And that script apparently started out much edgier and self-aware — elements that remained in watered-down form, but which were mostly excised by Samsung. "There's a cultural divide, and Ivan and I were constantly fighting that... We know how to entertain people and it was a constant dance between us and their desire to stay on message and not offend anybody," said Calhoun. That tension extended to decisions about casting. "When we were looking for MCs, I made a list that included women, but they wanted it to be a male," said Calhoun. And Calhoun initially wanted to include the Rockettes in a nod to their Radio City home, but Samsung killed the idea. "It was extravagant, but it wasn't a blank check," he said. "Like any good businesspeople they were concerned about the bottom line."

"To not have a woman of authority up there was a big mistake."

Asked about the criticism that the show played as sexist, Calhoun and Menchell both seemed surprised. "If anyone had mentioned that I would have asked for that to be changed," said Calhoun. "To not have a woman of authority up there was a big mistake — there were a lot of women on the Samsung side." Traditional Broadway shows typically open out of town and are tweaked to reflect reviews before arriving in New York, but the secretive nature of a launch event and Samsung's constant reworking of the script meant that no one involved saw the complete show with a critical eye before it was performed in front of a skeptical tech press on high alert for sexism after Sony's PS4 launch event featured over 20 men and zero women.

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And while neither Calhoun nor Menchell were aware of the PS4 controversy, it's clear that Samsung exerted a great deal of creative control in order to craft a message translatable across the 155 countries in which the Galaxy S4 will launch. "They were very concientious to not say or do anything that might offend," said Calhoun. The bachelorette party scene, for example, was "tongue in cheek about Sex and the City and Bridesmaids."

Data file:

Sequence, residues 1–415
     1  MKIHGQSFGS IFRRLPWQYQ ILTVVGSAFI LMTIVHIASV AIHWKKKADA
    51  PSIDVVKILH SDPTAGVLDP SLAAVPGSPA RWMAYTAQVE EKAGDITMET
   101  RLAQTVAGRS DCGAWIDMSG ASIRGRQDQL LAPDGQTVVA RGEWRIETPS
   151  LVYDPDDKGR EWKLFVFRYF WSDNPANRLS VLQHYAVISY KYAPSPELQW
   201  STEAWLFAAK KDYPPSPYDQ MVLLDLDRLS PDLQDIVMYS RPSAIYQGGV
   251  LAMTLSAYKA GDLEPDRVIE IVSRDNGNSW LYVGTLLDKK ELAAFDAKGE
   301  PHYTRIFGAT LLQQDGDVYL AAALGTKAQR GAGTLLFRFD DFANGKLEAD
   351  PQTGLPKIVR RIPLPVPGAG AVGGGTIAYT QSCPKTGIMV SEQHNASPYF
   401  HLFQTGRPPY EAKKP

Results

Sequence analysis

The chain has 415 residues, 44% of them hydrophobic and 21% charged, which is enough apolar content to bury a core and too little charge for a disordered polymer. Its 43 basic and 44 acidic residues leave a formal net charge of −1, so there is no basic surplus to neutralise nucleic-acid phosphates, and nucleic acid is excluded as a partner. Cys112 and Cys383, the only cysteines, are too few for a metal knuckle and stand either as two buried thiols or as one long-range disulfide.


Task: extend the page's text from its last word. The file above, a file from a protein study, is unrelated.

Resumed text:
"Women suffer from those stereotypes in very material ways, particularly in tech."

But ultimately that's the issue: the reason people connect with Sex and the City and Bridesmaids is that the characters in those stories are fully-realized and relatable. By removing any edginess and distilling Carrie Bradshaw and Kristin Wiig's Annie Walker into "inoffensive" stock players, Samsung's lawyers and marketing team turned them into stereotypes almost guaranteed to offend. "If you're going to do satire and stereotypes, just make them not harmful," says CNET's Wood. "Women suffer from those stereotypes in very material ways, particularly in tech."

Even still, Calhoun says his experience with Samsung was "very positive," and Menchell said he would "absolutely" do it again. And Samsung clearly remains committed to engaging art and spectacle for its product launches throughout the year: the massive banners at the Galaxy S4 launch event featured a prominent "Episode 1" tagline. The question is if Samsung can learn that art designed to work across 155 cultures quickly falls to the lowest common denominator, especially when the core message is that people should buy a phone. "The art in this show helped the common man understand the use of this phone, and that was the goal," said Calhoun. "I think everyone walked away thinking it was more successful than not."

But Wood thinks there's greater success to be had. "I think women need to see other women in tech. It would be nice if it wasn't paid actors."